Following this discussion, students are given a sheet with a notated one-octave chromatic scale complete with the letter names of each pitch, and four lines with twelve spaces for the students to fill in their tone rows (prime, retrograde, inversion, inverse retrograde).  The students get into groups of two and create the tone rows at their desks.  They then hand in their work so that I can check for mistakes.  During the next class, students use a notation software program (in this case Sibelius) to begin composing their serialist works.  The work must be at least 12 measures in length, and must use each tone row at least once.  Students are encouraged to use the transposition feature of the software to transpose their tone rows.  Students are encouraged to divide the tone rows between various instruments so that no single instrument plays the complete row alone.  The piece must be orchestrated for at least a string orchestra, although student may add more instruments if they choose to.

My school uses a file server, so I utilize this tool by having the students save all of their work into specified folders that I create for them. At the conclusion of the second period, students must save their work into these specified folders.  I can then access their work either at school or from home, and make suggestions and comments directly on to their composition using the create text option on the software (I use a red font color).  At the beginning of the third class period, I use my teaching computer that is hooked up to a ceiling mounted projector to access the studentıs work from the file server. This allows me to display their work and play it so that we can discuss it as a class.  After this discussion, the students begin their second composing period.  I act as a mentor for the students and help troubleshoot and problems that may arise.  At the conclusion of the period, students once again save their work into their folders on the file server and I then review their work again, making any necessary comments.  On the third day, the students are asked to complete their compositions halfway through the period so that we can then display and discuss their work.  As each composition generally takes only a few seconds to perform, it is quite possible to play all of the group compositions within a few minutes.  After a short discussion about the compositions and their musical merit, the students then listen to the original works of Schoenberg, Berg, and Webern, and discuss how their own pieces were similar, different, or otherwise to the works of the masters.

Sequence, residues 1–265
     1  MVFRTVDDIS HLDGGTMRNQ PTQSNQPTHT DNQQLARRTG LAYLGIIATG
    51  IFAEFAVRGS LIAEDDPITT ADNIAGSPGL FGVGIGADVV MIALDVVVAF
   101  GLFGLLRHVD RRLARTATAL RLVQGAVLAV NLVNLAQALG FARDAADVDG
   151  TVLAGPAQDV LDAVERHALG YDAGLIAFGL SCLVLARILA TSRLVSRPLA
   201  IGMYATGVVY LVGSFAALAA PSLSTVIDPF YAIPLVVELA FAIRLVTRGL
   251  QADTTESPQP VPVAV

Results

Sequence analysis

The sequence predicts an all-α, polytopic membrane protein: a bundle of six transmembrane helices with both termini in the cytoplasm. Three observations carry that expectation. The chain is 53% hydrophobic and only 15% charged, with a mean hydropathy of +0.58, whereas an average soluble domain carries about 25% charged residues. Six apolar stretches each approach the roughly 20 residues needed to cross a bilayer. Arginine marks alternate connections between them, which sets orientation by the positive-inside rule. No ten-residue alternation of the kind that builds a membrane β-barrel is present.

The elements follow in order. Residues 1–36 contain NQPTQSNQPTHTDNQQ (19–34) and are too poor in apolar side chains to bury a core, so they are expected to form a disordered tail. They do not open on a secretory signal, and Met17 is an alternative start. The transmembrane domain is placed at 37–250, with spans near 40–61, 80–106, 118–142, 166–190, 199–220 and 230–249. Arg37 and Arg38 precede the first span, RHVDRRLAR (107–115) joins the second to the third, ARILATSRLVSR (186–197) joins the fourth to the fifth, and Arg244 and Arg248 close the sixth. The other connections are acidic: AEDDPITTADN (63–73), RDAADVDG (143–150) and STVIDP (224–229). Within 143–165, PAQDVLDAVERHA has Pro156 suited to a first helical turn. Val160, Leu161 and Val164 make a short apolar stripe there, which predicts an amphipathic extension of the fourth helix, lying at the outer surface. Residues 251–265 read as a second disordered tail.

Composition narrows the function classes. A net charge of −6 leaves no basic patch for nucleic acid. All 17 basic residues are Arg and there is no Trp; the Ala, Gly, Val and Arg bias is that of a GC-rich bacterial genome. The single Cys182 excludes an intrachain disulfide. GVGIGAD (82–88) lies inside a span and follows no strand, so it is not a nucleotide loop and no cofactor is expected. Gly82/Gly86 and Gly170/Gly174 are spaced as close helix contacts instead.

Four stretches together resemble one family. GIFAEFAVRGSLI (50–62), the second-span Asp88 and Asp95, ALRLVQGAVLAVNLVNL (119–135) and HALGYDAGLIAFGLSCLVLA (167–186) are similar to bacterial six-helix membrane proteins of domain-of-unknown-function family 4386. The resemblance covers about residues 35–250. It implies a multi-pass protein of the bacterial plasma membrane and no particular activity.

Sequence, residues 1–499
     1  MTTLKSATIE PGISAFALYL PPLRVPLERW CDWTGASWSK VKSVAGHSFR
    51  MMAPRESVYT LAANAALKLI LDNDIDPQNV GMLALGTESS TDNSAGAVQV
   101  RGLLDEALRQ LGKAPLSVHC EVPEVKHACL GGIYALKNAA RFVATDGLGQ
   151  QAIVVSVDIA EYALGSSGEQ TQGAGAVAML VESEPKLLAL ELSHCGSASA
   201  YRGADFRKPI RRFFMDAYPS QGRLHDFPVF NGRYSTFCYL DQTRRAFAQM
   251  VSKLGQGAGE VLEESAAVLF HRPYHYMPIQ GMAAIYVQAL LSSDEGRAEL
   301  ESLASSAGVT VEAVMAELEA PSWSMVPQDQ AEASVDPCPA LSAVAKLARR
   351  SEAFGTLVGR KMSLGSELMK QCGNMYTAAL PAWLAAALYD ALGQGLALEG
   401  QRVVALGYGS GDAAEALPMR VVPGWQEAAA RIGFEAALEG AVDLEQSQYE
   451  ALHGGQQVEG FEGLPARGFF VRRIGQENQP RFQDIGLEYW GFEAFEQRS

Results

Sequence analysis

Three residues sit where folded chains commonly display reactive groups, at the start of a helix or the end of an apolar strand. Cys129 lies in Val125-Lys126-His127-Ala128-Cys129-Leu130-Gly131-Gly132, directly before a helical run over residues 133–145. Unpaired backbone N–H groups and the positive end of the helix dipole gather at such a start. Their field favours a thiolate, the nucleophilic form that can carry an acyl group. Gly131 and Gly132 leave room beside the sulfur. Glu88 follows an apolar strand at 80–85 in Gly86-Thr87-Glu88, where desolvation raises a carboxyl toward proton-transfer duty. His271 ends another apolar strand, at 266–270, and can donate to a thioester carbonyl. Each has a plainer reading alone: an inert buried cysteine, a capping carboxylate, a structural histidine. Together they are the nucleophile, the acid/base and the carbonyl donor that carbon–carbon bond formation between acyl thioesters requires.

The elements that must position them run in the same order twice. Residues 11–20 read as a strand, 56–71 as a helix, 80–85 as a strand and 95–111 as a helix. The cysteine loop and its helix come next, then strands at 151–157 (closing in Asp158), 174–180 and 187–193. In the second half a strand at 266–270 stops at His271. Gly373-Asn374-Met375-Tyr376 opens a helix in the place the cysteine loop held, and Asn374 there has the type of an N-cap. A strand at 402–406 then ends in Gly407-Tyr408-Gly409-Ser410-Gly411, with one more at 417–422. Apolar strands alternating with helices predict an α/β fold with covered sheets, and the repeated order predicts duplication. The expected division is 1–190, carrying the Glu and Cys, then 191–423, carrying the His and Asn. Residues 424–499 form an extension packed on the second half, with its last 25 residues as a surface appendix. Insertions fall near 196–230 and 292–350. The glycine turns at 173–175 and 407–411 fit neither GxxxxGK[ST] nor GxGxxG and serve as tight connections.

This unit takes four forty-five minute class periods to complete, but could easily be stretched into five.  In my experience the students truly enjoy the puzzle-like composition process employed by Serialism.  They enjoy that the notes are already there for them and that they just have to fit them in to the score, and more importantly, trying to make music.  Discussions about the amount of creativity involved in this style of composition are very spirited and can easily lead to more involved discussions about aesthetics. 

If you are interested in this lesson, and would like more detailed information including the handouts the students receive as well as the project guidelines and scoring rubric, please email me at jtfrankel@hotmail.com.